If you struggle with hormonal acne, then you’re probably no stranger to the cystic bumps that often appear on your jawline around your period (you know, the ones that feel tender to the touch and lurk beneath the skin). These breakouts can make even the stubbornest of blackheads feel like a walk in the park. Maybe you’ve been dealing with chin zits since the days of prom, or perhaps they’ve just started popping up in your 30s. Just like that awkward yearbook picture, hormonal acne can haunt you long after high school graduation, and even make an unwelcome appearance decades later.
Fortunately, there are many ways to treat hormonal acne, from skincare products and birth control pills to certain diets and medications. Spironolactone, for example, is a popular oral tablet medication that’s prescribed for hormonal acne. We sat down with Dr. Katherine Brag, the chief dermatology resident at Tulane University School of Medicine, to learn more about this powerful pill that many claim is their clear skin secret.
Hormonal acne and spironolactone 101
“Women in their teens to early 50s will come in with fairly stubborn hormonal acne — the kind that’s deep, tender, on the lower half of the face, and that may get worse before or during menstruation,” says Dr. Brag. “Interestingly, some of these women may not have had acne during their teenage years.”
Dr. Brag explains that while the cause of hormonal acne is multidimensional, it’s often brought on by excess sebum production and inflammation. Sebum is produced by the the body’s sebaceous glands in a process known as “sebogenesis.” Male hormones called androgens (which both men and women secrete) trigger sebogenesis. But when the body has excess androgens, sebogenesis can go into overdrive. This can result in hormonal acne.
“Spironolactone is a medication that blocks androgen activity in the skin by preventing these hormones from binding to sebaceous glands,” explains Dr. Brag. “In turn, the sebaceous glands produce less hormonally-driven sebum and acne is improved over time.”
A pill with an interesting past
According to Dr. Brag, spironolactone is used across multiple fields of medicine, not just dermatology. It’s a diuretic, meaning it promotes fluid loss through urination. “Spironolactone is used primarily to treat fluid retention for heart failure or liver disease,” says Dr. Brag. “It’s a mainstay treatment that has been shown to decrease both morbidity and mortality in certain patients with these conditions.”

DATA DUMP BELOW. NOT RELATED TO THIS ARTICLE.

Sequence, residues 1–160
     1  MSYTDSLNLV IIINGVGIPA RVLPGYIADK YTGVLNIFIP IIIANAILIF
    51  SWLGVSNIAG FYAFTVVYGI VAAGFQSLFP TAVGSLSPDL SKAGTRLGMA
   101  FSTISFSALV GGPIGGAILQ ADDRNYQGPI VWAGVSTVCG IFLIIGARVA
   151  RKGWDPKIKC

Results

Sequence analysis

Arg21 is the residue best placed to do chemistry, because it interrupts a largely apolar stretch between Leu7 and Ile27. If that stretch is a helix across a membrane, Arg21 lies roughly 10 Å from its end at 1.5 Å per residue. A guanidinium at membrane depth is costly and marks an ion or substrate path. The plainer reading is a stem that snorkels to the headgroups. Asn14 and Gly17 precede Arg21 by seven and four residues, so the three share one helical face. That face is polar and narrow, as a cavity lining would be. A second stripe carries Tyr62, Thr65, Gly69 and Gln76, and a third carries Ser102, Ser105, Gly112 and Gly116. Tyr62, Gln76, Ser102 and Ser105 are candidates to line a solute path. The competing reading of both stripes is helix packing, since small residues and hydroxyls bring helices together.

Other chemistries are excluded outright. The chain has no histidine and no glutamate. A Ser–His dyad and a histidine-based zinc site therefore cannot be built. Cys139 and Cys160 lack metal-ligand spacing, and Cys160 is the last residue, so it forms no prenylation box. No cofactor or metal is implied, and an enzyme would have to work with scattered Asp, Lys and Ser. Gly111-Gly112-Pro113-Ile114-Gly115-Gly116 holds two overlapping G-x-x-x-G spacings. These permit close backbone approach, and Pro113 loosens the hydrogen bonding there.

How did the medical community figure out that a pill for heart disease can also help hormonal acne? Dr. Brag explains that in the 1980s, physicians noted an unexpected and favorable effect of spironolactone on women who were taking it to help with heart or liver conditions: decreased hormonal acne. “Since then, the use of spironolactone has increased, and it’s now widely prescribed by dermatologists across the country to treat hormonal acne,” she adds.
Spironolactone side effects
Since spironolactone is a diuretic, Dr. Brag notes that those who take it may notice themselves taking more frequent trips to the bathroom. “More commonly, patients may feel a little lightheaded, especially when going from lying or sitting to standing, as a result of slightly decreased blood pressure,” she says. “I advise that patients drink water throughout the day and change positions slowly if this is an issue.”
Dr. Brag says that because of spironolactone’s anti-androgen impact, it can influence your menstrual cycle and related issues, in the form of irregular periods, light spotting, and slight breast tenderness or enlargement. However, spironolactone does not reduce the efficacy of hormonal contraceptive methods like the pill or an intrauterine device (IUD).
Let’s talk results
“Results are usually not seen until at least two to three months after starting spironolactone, but some patients see benefits within days to weeks of starting,” says Dr. Brag. “I urge patients to take the medication consistently without giving up or getting discouraged until we have fully assessed if the medication is helping. In general, spironolactone is very well tolerated and hormonal acne improves.”
Dr. Brag emphasizes that spironolactone is not a silver bullet, however. Maintaining an effective skincare regimen that includes a cleanser, toner, sunscreen, facial moisturizer, and eye cream is also essential.
A few things to keep in mind
While spironolactone offers many women clear and confidence-boosting results, it’s not for everyone. “Pregnant patients should not take spironolactone,” says Dr. Brag. “The medication can cross the fetal placental barrier and feminize a male fetus.” As previously mentioned, spironolactone can cause some mild lightheadedness. Because of this, it’s not appropriate for those who suffer from chronic low blood pressure and associated symptoms like dizziness or fainting. Spironolactone could make things worse by further lowering blood pressure.
If you’re interested in trying spironolactone for hormonal acne, make an appointment with a dermatologist. They can determine if spironolactone is a good fit for your skin, decide what dose is appropriate and at what frequency it should be taken, and write you a prescription.